Is evening workout better than morning?

AndRecently, when FitnessVolt.com’s analytics team looked at Google search data, they discovered that the most popular time for Americans to exercise is 6 p.m. But are evening workouts better than morning ones? After all, we hear a lot about the benefits of exercising early in the day.

If your goal is simply to get fit, both experts and science say that the best time to exercise is the hour that allows you to do it consistently, regardless of where the clock falls. For some goals, however, there are things to consider as you work.

Benefits of a morning workout

We know from research that people who exercise in the AM move more overall. Your naturally high cortisol levels in the morning make it easier to conserve energy earlier than later in the day. Studies show a link between morning workouts and lower blood pressure in people with high blood pressure.

If you have a hard time getting motivated to work out, doing this first can help you get over the hump. “Morning is the time of day when our dopamine is at its highest, and a lot of cognitive reserve is built up throughout the night, enabling us to push harder at the gym than at night,” says Luisa Nicola, a neurophysiologist and female human performance expert for Momentus.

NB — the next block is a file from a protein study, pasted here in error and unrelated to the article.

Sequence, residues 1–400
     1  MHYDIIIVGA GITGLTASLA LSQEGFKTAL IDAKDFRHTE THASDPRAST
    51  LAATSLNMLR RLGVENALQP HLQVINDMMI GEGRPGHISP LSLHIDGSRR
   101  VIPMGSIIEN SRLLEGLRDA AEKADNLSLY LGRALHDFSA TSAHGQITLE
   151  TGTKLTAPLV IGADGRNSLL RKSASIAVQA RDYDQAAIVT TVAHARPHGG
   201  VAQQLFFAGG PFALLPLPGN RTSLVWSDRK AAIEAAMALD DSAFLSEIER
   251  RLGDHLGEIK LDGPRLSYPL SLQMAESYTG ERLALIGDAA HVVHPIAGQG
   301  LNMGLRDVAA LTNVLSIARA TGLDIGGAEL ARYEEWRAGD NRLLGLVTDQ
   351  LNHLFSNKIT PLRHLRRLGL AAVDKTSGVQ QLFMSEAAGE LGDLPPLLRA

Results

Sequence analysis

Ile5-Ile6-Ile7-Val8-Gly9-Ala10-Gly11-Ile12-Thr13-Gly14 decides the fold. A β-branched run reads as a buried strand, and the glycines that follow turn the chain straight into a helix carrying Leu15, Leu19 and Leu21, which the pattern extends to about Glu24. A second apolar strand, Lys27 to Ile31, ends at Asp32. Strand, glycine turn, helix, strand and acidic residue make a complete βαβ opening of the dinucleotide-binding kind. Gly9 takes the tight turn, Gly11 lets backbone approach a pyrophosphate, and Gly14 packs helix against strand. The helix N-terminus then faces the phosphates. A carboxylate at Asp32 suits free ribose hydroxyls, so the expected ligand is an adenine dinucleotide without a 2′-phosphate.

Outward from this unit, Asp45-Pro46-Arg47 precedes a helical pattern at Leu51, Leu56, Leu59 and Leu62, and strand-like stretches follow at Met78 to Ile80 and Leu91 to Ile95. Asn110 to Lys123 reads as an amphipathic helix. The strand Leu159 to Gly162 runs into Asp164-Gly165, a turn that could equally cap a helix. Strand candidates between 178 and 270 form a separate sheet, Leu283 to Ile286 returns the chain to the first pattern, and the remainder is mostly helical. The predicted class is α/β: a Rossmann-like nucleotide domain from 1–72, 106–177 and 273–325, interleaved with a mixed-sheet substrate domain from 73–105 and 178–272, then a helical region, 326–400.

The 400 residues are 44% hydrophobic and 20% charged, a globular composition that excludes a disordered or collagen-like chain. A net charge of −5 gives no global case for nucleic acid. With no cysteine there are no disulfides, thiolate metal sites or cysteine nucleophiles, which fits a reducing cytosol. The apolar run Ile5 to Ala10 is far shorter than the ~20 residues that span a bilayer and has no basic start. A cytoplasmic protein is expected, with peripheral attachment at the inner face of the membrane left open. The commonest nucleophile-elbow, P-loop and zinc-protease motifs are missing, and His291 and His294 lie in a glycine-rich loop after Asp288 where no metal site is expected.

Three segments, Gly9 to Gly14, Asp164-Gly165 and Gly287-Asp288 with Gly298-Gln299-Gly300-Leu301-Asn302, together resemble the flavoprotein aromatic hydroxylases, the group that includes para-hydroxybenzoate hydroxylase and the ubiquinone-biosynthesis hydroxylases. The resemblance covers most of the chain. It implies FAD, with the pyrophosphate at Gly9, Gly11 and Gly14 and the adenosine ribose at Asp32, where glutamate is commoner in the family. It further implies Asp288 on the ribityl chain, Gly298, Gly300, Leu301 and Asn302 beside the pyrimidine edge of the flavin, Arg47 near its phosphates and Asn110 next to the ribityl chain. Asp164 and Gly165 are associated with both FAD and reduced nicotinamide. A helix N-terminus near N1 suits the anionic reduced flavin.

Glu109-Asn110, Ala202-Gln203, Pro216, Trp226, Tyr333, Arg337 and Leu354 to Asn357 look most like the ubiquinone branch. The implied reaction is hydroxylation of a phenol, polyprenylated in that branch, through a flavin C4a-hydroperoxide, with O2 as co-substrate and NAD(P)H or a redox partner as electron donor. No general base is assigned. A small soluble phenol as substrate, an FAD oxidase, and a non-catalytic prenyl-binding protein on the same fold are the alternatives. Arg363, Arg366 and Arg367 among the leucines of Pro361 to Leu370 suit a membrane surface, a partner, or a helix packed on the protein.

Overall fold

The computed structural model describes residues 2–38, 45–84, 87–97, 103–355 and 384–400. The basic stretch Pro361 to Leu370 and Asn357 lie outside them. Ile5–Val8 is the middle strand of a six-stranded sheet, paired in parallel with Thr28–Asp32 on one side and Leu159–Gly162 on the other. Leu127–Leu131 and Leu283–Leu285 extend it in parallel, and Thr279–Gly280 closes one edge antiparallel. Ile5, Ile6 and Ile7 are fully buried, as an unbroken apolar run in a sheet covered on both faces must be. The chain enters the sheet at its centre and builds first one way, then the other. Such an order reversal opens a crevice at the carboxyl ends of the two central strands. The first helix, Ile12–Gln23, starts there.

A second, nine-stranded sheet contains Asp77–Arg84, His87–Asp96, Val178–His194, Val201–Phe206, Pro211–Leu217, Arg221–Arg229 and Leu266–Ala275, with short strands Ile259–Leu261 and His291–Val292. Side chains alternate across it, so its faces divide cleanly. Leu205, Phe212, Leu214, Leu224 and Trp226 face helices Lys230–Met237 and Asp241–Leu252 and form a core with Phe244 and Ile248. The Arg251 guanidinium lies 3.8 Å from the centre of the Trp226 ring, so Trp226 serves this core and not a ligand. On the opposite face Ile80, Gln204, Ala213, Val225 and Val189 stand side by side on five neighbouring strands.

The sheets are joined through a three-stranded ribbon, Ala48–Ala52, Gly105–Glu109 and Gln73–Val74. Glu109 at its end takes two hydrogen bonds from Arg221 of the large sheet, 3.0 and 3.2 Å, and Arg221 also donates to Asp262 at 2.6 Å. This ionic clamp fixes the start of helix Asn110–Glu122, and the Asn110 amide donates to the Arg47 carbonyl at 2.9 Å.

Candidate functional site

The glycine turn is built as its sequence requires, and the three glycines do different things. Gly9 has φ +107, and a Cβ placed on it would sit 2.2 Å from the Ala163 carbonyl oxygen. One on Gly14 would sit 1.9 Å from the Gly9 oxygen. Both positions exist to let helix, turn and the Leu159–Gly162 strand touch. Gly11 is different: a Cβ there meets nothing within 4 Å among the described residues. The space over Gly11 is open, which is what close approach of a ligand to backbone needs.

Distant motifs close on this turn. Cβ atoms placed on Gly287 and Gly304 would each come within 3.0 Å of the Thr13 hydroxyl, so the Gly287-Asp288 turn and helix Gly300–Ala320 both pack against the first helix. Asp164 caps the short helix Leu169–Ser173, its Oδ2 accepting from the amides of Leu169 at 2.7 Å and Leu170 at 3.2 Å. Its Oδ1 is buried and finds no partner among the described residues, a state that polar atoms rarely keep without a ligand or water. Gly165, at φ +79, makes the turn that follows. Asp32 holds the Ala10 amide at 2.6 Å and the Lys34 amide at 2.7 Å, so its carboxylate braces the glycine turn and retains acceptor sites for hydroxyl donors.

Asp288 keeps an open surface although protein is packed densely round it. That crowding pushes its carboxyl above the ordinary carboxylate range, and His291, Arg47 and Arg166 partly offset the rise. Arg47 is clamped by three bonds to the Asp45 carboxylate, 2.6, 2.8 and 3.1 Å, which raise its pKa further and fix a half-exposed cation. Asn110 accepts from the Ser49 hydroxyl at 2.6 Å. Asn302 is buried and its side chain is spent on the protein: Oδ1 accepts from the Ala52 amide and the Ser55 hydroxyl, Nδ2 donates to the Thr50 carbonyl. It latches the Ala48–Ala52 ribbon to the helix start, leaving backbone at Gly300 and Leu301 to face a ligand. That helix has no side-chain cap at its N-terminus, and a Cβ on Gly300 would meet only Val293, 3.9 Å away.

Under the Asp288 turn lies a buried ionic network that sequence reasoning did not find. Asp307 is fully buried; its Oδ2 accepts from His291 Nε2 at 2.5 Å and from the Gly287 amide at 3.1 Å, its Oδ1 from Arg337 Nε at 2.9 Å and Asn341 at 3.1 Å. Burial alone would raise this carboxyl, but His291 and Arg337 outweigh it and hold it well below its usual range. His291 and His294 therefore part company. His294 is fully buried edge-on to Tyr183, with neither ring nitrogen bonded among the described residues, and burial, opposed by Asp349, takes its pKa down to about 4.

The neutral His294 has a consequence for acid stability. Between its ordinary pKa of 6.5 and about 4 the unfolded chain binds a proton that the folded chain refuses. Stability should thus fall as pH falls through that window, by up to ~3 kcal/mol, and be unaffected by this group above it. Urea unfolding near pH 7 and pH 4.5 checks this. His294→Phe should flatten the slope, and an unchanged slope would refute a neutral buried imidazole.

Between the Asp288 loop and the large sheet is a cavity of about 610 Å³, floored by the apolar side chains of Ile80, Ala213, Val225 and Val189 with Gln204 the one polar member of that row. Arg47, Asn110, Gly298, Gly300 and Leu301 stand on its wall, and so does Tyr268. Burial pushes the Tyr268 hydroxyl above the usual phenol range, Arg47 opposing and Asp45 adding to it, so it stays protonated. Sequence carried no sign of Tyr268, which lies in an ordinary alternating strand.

According to Nicola, another big advantage of working out in the morning rather than the evening is that it helps you sleep better. “It helps prime your circadian clock,” she says.

But, if the evening is the only time you can exercise, it’s okay. “There’s always an advantage to working out, so if you have to do it in the evening, that’s fine,” says Nicola. The key is to understand how to change your afternoon routine so it doesn’t mess with your sleep.

How to optimize evening workouts

First, it’s important to understand why evening workouts can work against you. “When you exercise, your body releases a lot of hormones and you activate your sympathetic ‘fight or flight’ nervous system, which can interfere with a wind-down routine, which interferes with sleep,” says Nicola. “Depending on what time you eat dinner can also disrupt the entire circadian rhythm.” This happens primarily because both eating and exercise raise your body temperature, which would otherwise drop as your body prepares for bed.

The best way around this is to time your workout so you’re able to finish dinner at least 1.5 to two hours before bedtime, says Nicola. “You don’t want to be working out at 9 p.m., whether it’s cardio or weights. It will disrupt sleep and throw you up the next day,” she says—unless you’re a serious night owl.

So what does this mean for the majority of American practitioners? “If you can workout at 6 p.m., that gives you enough time to rest, recover, eat dinner and get ready for bed.”

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